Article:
Looking back, I’ve realized that this novel is sort of like a proto-’Love Actually’ – in that it is a network of love stories with interconnecting people who are only revealed slowly throughout the book. I felt the author did a great job at this even if it did cause me no end of frustration for the first couple hundred pages. I kept asking myself where this book was going and why the sisters from the beginning of the novel just disappeared, but they eventually reappeared and tied the story together.
Although the book clocks in at over 880 pages, it didn’t feel as if it were 880 pages. I believe this is a credit to the story and the language the author used. Her writing was not difficult to read and there were many beautiful passages and great descriptions, just look at how many quotes there are in my Additional Quotes section below. The one line that just made me laugh and think oh wow that’s me was
“When a conversation has taken a wrong turn for us, we only get farther and farther into the swamp of awkwardness.” (146)
It is just the perfect description of what happens when I pretty much ever open my mouth. I mentally thought ‘honey I’m mired in the swamp of awkwardness and am like the swamp lights (will-o’-the-wisps) that trick you into the swamp and then you die because you get lost, but without the death and lots of awkwardness.’
I received a copy of this via request on NetGalley and I am so happy I requested it. This is my honest opinion and I received nothing in return for it.
It’s times like this when I wish I went into teaching at some level to share a story like this with my students. It’s heartbreaking, but hopeful and I can only imagine what it would be like if I were an Irish teen reading this in the mid 1990s after it was written. Honestly, I would’ve felt just like Neil when he found out he wasn’t ‘the only gay in the village.’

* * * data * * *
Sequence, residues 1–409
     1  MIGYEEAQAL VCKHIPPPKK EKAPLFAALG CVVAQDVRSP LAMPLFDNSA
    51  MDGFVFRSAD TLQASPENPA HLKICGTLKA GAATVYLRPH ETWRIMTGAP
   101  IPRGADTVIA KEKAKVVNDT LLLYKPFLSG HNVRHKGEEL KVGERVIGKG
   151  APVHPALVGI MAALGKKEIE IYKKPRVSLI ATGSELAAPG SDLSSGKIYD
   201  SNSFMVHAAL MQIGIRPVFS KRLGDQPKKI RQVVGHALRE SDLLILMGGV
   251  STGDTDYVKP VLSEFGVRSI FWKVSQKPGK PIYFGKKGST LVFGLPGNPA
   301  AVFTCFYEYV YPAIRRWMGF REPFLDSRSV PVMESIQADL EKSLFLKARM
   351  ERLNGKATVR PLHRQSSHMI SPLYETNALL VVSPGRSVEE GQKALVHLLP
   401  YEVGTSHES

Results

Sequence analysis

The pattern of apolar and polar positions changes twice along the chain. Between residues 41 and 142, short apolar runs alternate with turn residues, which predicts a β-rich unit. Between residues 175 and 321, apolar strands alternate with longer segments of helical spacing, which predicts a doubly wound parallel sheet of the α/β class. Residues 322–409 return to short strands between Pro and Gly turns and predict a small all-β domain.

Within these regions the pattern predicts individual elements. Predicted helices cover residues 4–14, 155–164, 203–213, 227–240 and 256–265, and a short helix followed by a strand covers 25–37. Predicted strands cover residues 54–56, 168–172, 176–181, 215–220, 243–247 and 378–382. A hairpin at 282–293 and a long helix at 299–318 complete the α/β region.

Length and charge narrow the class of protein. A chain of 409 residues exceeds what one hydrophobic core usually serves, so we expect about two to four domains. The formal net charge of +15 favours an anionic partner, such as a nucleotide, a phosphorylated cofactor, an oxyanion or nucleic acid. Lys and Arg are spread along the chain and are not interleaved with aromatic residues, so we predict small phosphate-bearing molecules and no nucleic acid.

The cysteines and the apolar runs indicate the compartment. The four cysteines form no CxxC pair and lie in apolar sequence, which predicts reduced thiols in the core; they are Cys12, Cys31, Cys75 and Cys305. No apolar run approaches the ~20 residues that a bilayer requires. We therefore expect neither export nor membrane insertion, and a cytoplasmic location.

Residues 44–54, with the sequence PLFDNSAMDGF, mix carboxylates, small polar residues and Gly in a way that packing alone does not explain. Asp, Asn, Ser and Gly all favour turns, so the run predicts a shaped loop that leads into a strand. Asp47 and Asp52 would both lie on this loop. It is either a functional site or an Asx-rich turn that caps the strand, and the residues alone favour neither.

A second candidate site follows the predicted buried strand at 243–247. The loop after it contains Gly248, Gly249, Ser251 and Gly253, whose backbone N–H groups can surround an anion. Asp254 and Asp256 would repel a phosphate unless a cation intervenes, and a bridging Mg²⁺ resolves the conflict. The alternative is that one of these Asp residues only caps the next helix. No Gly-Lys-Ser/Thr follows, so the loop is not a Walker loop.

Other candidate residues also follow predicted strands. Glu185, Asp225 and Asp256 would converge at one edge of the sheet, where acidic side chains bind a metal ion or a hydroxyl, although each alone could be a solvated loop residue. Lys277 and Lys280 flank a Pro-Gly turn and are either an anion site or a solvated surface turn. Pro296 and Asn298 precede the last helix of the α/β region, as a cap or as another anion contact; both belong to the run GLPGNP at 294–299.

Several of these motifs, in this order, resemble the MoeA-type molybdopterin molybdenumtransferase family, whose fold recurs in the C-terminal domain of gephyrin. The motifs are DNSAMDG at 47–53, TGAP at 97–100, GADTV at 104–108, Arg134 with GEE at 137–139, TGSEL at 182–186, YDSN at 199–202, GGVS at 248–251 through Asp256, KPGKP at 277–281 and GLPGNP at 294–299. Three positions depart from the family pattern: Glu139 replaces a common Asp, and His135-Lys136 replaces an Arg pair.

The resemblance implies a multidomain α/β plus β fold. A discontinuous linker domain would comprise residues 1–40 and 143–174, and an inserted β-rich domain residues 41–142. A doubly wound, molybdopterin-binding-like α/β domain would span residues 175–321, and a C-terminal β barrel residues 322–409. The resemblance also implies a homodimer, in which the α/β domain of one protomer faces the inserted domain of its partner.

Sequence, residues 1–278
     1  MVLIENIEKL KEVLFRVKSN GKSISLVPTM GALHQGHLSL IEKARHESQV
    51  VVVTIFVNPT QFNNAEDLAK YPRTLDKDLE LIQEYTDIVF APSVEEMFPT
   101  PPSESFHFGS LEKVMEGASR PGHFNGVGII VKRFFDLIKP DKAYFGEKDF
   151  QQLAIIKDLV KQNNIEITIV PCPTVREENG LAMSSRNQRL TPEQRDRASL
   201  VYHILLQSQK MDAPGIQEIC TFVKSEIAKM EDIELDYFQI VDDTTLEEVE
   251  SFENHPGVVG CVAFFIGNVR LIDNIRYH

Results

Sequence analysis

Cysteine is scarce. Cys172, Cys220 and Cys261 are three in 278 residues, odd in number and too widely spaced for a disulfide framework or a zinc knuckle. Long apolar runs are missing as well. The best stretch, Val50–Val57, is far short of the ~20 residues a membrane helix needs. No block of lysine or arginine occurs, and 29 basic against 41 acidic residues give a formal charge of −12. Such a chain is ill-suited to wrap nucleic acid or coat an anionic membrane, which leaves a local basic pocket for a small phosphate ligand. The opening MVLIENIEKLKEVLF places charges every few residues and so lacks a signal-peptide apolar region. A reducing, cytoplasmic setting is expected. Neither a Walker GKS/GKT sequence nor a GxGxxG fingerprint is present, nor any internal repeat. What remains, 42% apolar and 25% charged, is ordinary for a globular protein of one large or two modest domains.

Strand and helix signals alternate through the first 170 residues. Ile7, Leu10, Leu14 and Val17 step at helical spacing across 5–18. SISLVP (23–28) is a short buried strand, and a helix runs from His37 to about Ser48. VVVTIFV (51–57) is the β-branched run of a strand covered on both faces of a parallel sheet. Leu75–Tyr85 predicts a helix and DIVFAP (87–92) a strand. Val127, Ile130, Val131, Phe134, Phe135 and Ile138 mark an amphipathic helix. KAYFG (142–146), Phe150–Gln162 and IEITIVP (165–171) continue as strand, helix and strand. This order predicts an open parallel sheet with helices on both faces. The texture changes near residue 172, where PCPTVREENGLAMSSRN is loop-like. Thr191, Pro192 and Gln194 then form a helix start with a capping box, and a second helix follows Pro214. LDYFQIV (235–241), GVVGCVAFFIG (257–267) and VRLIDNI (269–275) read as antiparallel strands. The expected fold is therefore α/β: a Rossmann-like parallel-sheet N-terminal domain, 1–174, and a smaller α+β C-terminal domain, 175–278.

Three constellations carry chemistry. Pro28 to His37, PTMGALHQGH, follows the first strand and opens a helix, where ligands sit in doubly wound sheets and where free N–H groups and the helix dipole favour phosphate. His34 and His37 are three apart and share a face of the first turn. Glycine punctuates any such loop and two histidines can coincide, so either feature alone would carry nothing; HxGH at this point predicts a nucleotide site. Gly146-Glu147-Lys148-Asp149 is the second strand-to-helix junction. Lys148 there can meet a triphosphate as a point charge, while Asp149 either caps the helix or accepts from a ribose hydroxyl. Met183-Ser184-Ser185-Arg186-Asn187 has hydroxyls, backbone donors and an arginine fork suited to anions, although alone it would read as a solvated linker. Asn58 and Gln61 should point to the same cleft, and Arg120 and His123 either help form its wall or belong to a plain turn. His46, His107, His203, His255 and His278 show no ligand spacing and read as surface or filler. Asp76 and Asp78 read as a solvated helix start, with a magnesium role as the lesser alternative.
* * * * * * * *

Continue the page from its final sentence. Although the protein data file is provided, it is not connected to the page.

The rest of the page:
I wasn’t sure what to expect of this novel and Tom Lennon (a pseudonym to protect his Catholic-school teaching identity and he’s still unknown) as an Irish author writing about LGBT characters had the decks stacked against him: Jamie O’Neill can do no wrong, John Boyne won me over with The Absolutist, Damian McNicholl put up a good effort with A Son Called Gabriel and Oscar Wilde is, well, Oscar Wilde. Needless to say, Tom Lennon did not disappoint, and as I listed all of those authors I realized his story pre-dated all of the rest by at least a decade with the exception of Oscar Wilde, so I’m excited his story is being introduced to the US.
It may have taken two weeks to read this book, but it was completely worth it. I don’t know the last time I’ve spent this much time basking in the beauty and wonderment of a novel. 1Q84 counts for my 2013 Mount TBR and Tea & Books challenges. Now on to my response, which is jumpy and hardly all-inclusive, but hopefully it portrays some of the wondrousness this novel is. Let’s just say I can’t wait to read more Murakami, regardless of if it’s a mind f*ck like Kafka on the Shore or like 1Q84, which is also technically a mind f*ck.